“What’s your name?” Frank asked as he sat down next to him on the bench.

“Sergeant,” said the Vet. Then he laughed and said, “Sam. Sam Johnson. From Houston.”

“Frank O’Brian. From next door in Louisiana.” They shook hands.

“I was with Charlie, 1/3, in 1967-68 on the DMZ,” Frank said. It is important to pass inspection and confirm to other veterans that you are also one of them. Frank identified his infantry unit as C Company and 1st Battalion, 3rd Marine Regiment, a storied, highly decorated combat unit.

“Delta, 2/4,” Sam replied. “I got dinged during Starlight in 1965. Forgot to duck.” This meant that Sam was likely just a few years older than Frank. He had been in D Company, 2nd Battalion, 4th Marine Regiment during Operation Starlight, the first major search and destroy operation in Vietnam where Marines engaged hardcore VC battalions. The 2nd Battalion, 4th Marines were nicknamed “the Magnificent Bastards.” Starlight was brutal. The operation cost the Marines over 50 dead and 200 wounded, while the VC lost over 600 dead and over 40 were taken prisoner.

They were quiet for a few moments. “Is there anything I can get you? Do you need anything?”

“Nah,” said Sergeant Johnson. “I’m home here with them,” gesturing toward the Wall. “Feels right to stand sentry. Me and the other homeless DC Marines take turns sitting on this bench, standing watch each month. Billy will take over in a few weeks.”

Frank fully understood wanting to be near their buddies, and he appreciated having Marines watch over the fallen. He stood and turned to go. “Semper Fi” he said to the sentry.

“Semper Fi” said Sergeant Sam Johnson, “Semper Fi.”

It was almost 7 o’clock when Frank walked down the sidewalk, past the stand holding the casualty book that contained the list of all 57,939 dead Americans. The index has their names, rank, branch of service, home of record, the date they died, and the panel where their names are etched in the wall. The book is protected from the weather in a plastic case with a light that allows evening visitors to look up the names of the fallen. Many vets prefer to visit the Wall after sundown when they have some privacy.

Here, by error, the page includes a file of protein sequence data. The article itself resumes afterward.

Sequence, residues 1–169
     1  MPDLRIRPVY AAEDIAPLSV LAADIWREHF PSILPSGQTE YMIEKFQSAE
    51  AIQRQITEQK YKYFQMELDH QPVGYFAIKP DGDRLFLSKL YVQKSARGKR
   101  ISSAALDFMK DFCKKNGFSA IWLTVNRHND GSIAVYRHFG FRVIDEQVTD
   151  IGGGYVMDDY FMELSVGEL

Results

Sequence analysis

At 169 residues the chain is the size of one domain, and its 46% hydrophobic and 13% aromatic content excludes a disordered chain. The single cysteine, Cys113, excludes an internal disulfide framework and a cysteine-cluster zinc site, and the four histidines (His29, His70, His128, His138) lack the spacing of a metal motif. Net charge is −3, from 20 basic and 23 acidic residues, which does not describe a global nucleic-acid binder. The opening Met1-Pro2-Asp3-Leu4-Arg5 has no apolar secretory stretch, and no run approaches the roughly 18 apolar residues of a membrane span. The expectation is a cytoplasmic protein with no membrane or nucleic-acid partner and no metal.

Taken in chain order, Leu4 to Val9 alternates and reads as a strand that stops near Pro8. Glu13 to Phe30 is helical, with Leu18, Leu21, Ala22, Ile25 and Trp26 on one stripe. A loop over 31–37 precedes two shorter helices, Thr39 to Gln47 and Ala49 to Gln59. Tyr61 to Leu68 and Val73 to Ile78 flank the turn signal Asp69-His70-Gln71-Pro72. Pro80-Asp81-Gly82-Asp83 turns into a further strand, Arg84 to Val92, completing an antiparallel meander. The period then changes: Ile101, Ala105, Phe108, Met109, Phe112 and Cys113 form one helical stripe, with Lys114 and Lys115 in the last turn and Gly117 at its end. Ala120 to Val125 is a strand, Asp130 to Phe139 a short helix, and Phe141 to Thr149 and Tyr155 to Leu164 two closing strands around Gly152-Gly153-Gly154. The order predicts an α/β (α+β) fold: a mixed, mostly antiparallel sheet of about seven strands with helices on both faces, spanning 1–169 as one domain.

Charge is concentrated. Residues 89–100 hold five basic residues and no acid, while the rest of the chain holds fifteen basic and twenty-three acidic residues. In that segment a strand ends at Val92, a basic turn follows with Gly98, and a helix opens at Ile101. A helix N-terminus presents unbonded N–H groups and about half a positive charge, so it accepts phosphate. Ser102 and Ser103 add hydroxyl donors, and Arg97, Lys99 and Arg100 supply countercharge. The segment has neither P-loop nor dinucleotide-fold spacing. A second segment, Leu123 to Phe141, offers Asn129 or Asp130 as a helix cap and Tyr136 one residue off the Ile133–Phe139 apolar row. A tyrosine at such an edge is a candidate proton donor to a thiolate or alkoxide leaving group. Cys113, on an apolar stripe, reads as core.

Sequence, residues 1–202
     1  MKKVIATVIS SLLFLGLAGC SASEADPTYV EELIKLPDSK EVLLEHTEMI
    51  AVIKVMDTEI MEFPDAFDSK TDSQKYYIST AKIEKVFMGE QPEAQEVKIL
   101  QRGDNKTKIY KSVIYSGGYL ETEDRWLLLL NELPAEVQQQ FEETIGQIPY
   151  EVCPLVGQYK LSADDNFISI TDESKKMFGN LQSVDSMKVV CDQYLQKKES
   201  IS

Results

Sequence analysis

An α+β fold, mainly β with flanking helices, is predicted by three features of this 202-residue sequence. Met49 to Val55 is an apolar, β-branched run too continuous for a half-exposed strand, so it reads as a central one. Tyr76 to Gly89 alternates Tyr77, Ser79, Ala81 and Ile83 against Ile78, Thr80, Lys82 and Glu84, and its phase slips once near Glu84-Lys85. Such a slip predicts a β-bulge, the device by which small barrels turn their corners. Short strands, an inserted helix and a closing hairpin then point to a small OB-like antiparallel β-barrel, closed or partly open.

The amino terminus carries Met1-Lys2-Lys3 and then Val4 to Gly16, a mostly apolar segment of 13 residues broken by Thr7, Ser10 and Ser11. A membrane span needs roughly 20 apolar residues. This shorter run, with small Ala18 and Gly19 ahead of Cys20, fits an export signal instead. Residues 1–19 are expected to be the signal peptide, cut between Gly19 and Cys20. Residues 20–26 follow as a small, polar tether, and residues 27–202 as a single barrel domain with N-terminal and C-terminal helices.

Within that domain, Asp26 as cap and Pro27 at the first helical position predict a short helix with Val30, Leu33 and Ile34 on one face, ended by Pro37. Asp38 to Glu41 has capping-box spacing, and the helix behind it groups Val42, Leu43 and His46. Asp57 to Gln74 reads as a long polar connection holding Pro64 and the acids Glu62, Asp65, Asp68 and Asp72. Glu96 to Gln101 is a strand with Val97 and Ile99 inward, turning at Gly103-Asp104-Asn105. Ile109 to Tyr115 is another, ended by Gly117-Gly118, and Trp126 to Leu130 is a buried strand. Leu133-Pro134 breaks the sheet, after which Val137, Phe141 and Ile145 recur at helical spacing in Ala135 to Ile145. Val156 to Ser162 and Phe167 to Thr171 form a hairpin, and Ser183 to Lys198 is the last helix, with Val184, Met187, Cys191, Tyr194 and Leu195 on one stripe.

He turned and continued down the walk in front of the wall where night-lights shone up from the ground, illuminating the names of the fallen. He walked slowly, as the list of dead rose and grew from panel to panel starting with the first battlefield death in 1961. As the daily casualties grew through the 1960s the fallen peaked in May 1968 when 2,415 Americans died in a single month. The panels in the middle of the wall mark the highpoint in casualties.

On the other side of the peak, the wall angles off at 125 degrees and the list of names on each panel declines from May 1968 as casualties fell until the end of the war. The last American died in May 1975.

Frank stopped at Panel 34E where the names of his 2nd Platoon buddies were listed for January 1968. He found their names half way up the Wall. Seeing his reflection on the engraved panel, Frank whispered each of their names in reverence. He touched the cold stone, and could feel the letters of each name etched into the Wall. The tears flowed and his chest heaved. “Why,” he wept softly. “Why them, and not me?”

The sickening memories rushed back, the deafening sounds, the rancid smells, and the vile taste in his mouth returned. He felt the hot burst of adrenaline that rose from the base of his spine and burst into the base of his brain as AK-47 bullets cracked past his head. He could still hear the explosions of grenades and the screams of fury and pain. The battle had lasted for an eternity.

Frank stepped back from the Wall and looked into the sky. Dawn was beginning to break through the clouds and cast a soft glow on the names on the Wall. Frank softy murmured a prayer, thank you God for giving me all these years. I hope you have a good reason for saving my life.

The rain started to fall in a slow, steady drizzle. The drops collected on the shiny face of the Wall and began to flow together forming small streams that ran to the ground. Frank thought the drops looked like tears that flowed from the face of the black wall. He was alone at the Wall that morning.

A police siren suddenly broke the silence. The rise and fall of the wailing siren brought back a tragic night in Vietnam.